Summerhill bought itself an early Christmas present... 90 000 L of French oak storage capacity. These nine 10 000 L tanks actually function as both fermenters and maturation barrels.
This is part of winemaker Eric von Krosigk's Biodynamic program. Wood is a natural home for yeast and malolactic bacteria, or in other words, for the micro-biology that transforms grape juice into wine. These beneficial organisms will colonize the wood, and allow us to make consistently delicious wine without relying on packages of winemaking yeasts and bacteria that are made in laboratories. Although there is nothing wrong with the store bought yeasts (in fact, they are a big reason there is so much consistently good quality wine made all over the world these days), there is something almost magical about making wine with your own colony of yeast. The tiny organisms naturalize, and mutate slowly over time, creating a unique formulation that adds complexity and depth to the resulting wine - and importantly, it helps to translate a unique sense of place.
This will also change the style of the red wines made in these tanks vs the 225 L barriques which are currently used for all of our reds. The fruit will be better expressed in these larger vats because of the smaller ratio of oak surface to wine, so that the resulting effect of passive micro-oxygenation is lessened.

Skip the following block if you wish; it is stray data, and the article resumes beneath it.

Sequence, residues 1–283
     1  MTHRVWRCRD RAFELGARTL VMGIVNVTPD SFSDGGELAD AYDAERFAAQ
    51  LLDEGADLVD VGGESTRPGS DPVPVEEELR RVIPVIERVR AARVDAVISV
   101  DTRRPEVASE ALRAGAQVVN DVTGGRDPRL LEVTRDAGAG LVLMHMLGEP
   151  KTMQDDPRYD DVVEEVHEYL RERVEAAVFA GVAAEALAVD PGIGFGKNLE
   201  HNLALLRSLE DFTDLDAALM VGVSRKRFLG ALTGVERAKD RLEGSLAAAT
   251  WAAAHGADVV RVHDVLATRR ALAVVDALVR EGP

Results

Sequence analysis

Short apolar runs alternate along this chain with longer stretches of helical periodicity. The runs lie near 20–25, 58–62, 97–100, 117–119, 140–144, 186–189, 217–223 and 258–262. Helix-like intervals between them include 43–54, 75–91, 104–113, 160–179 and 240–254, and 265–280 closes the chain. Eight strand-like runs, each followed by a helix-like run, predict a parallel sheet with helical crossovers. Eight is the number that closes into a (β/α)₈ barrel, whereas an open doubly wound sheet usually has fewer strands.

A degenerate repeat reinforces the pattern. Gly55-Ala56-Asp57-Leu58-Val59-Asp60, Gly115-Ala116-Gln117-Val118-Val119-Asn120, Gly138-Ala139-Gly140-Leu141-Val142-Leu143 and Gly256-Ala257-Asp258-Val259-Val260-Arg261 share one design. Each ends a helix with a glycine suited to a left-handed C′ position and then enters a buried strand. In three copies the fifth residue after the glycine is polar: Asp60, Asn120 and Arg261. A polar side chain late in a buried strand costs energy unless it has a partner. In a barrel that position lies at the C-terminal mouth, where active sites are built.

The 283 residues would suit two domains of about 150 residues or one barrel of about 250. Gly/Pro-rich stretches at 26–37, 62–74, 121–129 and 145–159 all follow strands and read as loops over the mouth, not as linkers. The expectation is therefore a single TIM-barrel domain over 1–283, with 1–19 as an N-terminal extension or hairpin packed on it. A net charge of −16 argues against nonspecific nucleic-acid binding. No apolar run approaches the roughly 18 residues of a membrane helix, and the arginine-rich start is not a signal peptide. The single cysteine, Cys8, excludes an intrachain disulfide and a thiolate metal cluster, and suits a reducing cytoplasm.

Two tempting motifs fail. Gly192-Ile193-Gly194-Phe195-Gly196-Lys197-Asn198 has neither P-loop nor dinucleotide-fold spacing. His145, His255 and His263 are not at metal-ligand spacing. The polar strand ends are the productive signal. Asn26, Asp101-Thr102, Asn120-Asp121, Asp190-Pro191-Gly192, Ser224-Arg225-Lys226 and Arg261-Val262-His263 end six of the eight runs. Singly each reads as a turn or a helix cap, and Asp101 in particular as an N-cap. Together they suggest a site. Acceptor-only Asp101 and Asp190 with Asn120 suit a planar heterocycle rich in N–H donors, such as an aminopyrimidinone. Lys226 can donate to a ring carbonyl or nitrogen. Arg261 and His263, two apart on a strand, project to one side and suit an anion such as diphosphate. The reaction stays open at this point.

Here is a little photo-journal of the process:
The wood and materials arrived on pallets, sent over from Italy. Note the dried reeds used between each plank in order to make the tanks water tight.
We unloaded dozens of huge metal bands.
When the coopers from Italy finally arrived they set right to work...
... and made quick progress.
Soon the tanks were complete and filled with wine. In this image, everything is complete except for the last step of painting the metal bands red. This is done to signify these tanks are used for red wine production. Green bands would signify white wine.
Et voila, we're up and running. Note the red hose leading to the top of the tank. There is a sprinkler up there, and this hose is used to pump the fermenting wines up over the cap of grape skins that forms during fermentation. By pumping over the young wine, we bring much needed oxygen into the fermentation, and extract colour, flavour and tannin from the grape skins.